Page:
On January 11, the award-winning New York–based filmmaker George Griffin presents Lineage, his smart and funny mash-up of animation history, documentary self-portraiture, and Conceptualism. Drawing (literally) upon an entire century of animation techniques, Griffin also introduces a program on the history of British animation.
Lineage. 1979. USA. Directed and animated by George Griffin. Newly preserved by The Museum of Modern Art
A History of British Animation, 1906–94
Take a whirlwind tour of British history through this stirring selection of recently preserved animated films from the BFI National Archive. Selected by Jez Stewart, the program encompasses turn-of-the-century trick films and anti-Nazi cartoon propaganda, psychedelia of the 1960s and post-Thatcherite class satire. All films preserved by the BFI; descriptions by Jez Stewart. Program approximately 105 min.
Sorcerer’s Scissors. 1907. Directed and animated by Walter Booth. Mixing live-action, cut-out animation, statue smashing, and dancing scissors, this is one of the earliest animated films in the BFI National Archive.
Animated Doll and Toy Town Circus. 1912. Directed and animated by G. A. Smith. Stop-motion film using toys and dolls. A female doll smokes. Circus scenes with horses and clowns.
Ever Been Had? 1917. Directed and animated by Dudley Buxton. The man on the Moon meets the last Englishman on Earth, in a clever mix of propaganda, science fiction, and comedy, with a killer punchline.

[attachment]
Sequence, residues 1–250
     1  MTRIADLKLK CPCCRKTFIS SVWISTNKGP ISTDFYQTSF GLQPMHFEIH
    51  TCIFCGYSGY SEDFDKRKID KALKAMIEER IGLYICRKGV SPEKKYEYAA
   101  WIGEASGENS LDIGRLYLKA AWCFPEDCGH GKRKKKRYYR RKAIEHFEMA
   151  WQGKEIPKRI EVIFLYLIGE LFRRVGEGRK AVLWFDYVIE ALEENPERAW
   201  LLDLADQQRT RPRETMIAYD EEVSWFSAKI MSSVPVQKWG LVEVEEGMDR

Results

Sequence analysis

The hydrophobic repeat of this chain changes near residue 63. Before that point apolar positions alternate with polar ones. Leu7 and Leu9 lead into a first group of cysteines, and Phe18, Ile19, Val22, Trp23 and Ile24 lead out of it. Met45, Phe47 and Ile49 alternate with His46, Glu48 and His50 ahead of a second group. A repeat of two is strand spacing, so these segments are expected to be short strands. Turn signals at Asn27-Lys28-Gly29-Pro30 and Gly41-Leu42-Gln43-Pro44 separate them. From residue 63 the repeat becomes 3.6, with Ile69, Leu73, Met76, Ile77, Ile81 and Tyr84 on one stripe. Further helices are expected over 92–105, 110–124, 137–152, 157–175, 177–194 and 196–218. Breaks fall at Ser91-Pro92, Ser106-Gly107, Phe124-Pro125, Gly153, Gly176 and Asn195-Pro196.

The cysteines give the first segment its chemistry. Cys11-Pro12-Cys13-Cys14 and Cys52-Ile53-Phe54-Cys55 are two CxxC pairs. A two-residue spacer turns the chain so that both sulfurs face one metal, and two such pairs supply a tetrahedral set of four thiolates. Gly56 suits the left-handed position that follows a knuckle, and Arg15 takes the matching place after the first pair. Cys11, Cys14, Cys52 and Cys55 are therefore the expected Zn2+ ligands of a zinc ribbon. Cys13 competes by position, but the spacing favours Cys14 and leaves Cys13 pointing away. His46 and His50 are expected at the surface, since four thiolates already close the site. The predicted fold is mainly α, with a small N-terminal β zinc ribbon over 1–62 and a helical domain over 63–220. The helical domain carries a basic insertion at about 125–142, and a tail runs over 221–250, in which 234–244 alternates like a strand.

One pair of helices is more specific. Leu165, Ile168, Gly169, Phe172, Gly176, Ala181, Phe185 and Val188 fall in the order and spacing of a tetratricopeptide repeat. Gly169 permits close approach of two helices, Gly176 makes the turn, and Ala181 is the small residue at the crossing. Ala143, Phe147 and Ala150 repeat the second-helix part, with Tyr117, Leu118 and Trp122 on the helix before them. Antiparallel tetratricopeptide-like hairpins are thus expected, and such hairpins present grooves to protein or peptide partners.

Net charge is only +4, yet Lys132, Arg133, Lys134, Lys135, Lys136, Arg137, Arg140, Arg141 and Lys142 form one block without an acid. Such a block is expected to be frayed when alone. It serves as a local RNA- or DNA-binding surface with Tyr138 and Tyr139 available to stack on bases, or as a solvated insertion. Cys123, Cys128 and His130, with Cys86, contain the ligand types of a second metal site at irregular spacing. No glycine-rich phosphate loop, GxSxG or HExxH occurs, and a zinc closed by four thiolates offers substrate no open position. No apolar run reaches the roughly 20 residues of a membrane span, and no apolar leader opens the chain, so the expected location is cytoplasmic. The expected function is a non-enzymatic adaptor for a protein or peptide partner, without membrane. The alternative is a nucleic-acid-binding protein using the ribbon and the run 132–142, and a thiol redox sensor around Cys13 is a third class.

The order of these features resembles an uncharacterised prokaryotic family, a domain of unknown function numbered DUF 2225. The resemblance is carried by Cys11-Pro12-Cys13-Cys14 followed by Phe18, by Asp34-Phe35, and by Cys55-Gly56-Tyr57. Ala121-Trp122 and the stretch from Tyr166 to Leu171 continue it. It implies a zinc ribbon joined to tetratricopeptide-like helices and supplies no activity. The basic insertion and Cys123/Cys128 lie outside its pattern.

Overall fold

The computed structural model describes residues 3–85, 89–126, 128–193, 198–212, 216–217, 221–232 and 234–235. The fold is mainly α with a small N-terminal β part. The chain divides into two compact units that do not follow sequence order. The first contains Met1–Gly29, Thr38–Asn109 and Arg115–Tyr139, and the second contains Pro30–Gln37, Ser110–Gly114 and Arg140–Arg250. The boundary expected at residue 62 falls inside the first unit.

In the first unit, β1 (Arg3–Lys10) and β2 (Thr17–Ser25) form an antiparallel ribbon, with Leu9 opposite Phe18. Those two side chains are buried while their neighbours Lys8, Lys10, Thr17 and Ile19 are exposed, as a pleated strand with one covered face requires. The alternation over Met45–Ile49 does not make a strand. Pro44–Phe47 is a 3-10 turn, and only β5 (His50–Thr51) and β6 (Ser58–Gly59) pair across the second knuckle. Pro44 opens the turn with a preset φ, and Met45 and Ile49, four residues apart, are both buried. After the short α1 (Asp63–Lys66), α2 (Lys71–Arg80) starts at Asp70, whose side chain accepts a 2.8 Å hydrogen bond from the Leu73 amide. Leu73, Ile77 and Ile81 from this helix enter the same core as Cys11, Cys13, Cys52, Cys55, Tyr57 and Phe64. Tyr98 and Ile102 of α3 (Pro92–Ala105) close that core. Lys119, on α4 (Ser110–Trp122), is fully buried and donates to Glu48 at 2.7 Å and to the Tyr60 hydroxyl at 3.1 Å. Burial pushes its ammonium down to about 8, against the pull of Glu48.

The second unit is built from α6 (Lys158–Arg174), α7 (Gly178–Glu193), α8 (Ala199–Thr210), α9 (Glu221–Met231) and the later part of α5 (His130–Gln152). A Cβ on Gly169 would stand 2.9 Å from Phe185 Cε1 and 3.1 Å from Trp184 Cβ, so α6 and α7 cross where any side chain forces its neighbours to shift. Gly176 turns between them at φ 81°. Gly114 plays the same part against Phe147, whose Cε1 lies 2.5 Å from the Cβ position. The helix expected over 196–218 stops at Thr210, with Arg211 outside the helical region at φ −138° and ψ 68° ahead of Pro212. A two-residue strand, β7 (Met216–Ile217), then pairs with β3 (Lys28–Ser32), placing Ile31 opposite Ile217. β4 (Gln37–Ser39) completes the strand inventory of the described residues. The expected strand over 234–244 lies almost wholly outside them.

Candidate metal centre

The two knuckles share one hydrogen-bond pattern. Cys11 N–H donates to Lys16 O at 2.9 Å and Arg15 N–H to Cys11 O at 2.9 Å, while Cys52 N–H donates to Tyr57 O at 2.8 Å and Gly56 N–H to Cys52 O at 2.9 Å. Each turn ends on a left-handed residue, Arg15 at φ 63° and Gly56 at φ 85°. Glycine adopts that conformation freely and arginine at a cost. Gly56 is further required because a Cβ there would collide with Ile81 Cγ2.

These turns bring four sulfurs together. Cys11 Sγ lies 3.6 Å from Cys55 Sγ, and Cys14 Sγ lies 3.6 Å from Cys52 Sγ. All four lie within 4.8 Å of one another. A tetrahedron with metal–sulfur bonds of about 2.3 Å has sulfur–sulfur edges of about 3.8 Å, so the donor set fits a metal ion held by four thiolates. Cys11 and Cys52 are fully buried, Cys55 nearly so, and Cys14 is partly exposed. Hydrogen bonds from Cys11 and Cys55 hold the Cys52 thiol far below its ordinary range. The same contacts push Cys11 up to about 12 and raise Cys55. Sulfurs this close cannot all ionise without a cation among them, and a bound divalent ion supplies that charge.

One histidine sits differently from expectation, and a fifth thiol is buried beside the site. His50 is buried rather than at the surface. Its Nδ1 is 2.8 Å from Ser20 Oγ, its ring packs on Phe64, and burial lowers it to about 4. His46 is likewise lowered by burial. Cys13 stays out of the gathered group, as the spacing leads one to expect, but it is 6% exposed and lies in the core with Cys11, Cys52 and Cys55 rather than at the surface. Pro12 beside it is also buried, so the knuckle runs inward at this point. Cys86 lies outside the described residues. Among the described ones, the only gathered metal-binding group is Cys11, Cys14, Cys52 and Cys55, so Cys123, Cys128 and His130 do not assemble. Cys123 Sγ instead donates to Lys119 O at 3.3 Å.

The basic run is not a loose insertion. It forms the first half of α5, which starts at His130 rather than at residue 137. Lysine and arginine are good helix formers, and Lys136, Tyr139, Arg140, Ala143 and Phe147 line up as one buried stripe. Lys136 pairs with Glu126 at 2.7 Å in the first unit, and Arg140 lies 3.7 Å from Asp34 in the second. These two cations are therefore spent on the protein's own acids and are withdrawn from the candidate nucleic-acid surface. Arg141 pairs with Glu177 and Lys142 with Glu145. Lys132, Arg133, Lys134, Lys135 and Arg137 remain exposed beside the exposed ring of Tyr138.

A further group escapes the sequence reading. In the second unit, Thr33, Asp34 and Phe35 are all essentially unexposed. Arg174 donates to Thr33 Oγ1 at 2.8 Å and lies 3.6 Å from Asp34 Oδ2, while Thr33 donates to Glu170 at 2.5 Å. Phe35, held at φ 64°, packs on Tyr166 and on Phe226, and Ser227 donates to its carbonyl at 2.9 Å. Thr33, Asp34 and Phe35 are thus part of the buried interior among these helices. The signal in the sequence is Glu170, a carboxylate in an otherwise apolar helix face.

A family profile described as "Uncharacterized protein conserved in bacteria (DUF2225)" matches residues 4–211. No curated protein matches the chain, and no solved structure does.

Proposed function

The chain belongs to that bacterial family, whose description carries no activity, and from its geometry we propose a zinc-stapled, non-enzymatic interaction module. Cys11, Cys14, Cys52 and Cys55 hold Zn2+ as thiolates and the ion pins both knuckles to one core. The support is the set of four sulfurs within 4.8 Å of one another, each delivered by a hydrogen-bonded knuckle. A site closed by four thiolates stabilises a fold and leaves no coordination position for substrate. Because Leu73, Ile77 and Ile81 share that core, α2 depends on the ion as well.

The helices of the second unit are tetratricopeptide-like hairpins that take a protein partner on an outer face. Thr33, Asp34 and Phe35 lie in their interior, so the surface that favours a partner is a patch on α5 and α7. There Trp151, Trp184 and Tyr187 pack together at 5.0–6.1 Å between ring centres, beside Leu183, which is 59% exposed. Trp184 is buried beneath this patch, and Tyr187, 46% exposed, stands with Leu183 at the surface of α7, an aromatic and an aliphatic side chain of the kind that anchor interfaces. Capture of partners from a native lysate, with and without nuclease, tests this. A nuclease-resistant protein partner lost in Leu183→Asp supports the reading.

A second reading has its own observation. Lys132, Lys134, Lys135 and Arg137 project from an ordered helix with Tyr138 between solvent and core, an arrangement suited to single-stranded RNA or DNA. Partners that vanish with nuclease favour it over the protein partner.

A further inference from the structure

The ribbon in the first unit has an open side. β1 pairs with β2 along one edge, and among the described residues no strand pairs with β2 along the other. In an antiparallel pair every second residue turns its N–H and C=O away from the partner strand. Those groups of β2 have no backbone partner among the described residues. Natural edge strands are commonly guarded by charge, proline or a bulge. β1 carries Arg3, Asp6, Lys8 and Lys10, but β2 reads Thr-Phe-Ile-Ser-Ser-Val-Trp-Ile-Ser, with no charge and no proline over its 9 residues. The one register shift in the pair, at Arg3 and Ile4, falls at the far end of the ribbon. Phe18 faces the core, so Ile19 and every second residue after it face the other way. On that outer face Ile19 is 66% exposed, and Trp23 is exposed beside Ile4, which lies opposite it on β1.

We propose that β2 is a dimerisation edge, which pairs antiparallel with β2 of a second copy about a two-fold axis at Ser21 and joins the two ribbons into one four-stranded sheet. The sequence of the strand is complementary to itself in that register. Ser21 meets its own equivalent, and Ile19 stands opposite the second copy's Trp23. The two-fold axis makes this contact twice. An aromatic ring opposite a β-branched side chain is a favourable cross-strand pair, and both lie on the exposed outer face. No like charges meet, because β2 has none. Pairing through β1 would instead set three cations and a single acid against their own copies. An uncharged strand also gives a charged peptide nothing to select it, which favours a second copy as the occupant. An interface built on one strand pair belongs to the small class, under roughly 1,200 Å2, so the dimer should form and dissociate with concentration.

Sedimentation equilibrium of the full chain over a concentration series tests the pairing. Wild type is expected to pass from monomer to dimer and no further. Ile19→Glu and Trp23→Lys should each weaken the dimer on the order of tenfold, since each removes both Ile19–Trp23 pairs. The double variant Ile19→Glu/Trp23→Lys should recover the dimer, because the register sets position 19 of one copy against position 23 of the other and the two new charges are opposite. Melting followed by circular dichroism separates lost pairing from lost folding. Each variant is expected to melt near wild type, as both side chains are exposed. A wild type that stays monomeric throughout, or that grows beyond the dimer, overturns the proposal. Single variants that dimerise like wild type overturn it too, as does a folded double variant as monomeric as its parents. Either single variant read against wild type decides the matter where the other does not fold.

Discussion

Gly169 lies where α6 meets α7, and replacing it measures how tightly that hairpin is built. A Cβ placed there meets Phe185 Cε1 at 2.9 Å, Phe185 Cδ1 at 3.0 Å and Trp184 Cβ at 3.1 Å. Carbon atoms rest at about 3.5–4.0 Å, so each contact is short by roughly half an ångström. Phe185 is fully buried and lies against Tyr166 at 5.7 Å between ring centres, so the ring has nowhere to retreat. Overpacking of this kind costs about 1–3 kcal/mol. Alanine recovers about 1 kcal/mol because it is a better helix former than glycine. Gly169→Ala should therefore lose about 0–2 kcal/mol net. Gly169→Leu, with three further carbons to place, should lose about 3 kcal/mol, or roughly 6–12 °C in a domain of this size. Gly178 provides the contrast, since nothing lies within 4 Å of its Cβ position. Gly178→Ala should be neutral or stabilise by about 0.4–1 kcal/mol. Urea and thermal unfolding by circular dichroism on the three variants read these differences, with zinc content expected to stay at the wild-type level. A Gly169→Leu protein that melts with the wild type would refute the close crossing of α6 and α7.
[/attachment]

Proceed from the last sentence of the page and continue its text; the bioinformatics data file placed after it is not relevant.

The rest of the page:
Booster Bonzo; Or, Bonzo in Gay Paree. 1925. Britain’s answer to Felix the Cat hitches a ride to Paris, chats up a barmaid, and goes a little overboard on vin rouge.
Shadows. 1928. Directed and animated by Joe Noble. Sammy and his dog Sausage were a cartoon double act of the 1920s, but they costarred with their creator, the innovative animator Joe Noble. Cleverly interacting with his pen-and-ink creations, in this episode Joe comes off worse in a bout of shadowboxing.
Fox Hunt. 1936. Directed and animated by Hector Hoppin and Anthony Gross. A Technicolor follow-up to the modernist masterpiece Joie de Vivre (1934), traveling from the English countryside to its new suburban towns.
Adolf’s Busy Day. 1940. Directed and animated by Lawrence Wright. Wright was an architect who turned his hobby into a vocation, using animation to take Herr Hitler down a peg or two in this comic propaganda cartoon.
Do It Yourself Cartoon Kit. 1959. Produced by Biographic. An irreverent but affectionate poke at the pretensions of the industry, enlivened by the creative spirit and offbeat humor of Bob Godfrey.
Transformer. 1968. Produced by Trickfilms. All aboard the psychedelic steam engine. Key creatives from Yellow Submarine (1968), including Heinz Edelmann, produced this stunning animation festival trailer.
The Ladder. 1967. Directed and animated by George Dunning. This Dunning short sees his art pared back to the barest of brushstrokes. Simple daubs of color make up our cast of characters in a stark tale that elevates cartoon logic to a fine art.
Mr. Pascal. 1979. Directed and animated by Alison De Vere. A spiritual tale of remarkable humanity, going beyond religion to show faith in the value of small gestures of kindness.
Night Club. 1983. Directed and animated by Jonathan Hodgson. A vicarious night out lived through an animated sketchbook, offering a boiling, colorful study of human behavior laid down to a hypnotic post-punk beat.
Britannia. 1993. Directed and animated by Joanna Quinn. A concise, caustic history of the British Empire, which sees the British bulldog let off the leash but brought firmly to heel.
Queen’s Monastery. 1998. Directed and animated by Emma Calder. An acrobat returns from the military to the woman who loves him, but comes back a changed man. Love and war played out to the music of Leos Janácek in a strikingly unique watercolor style.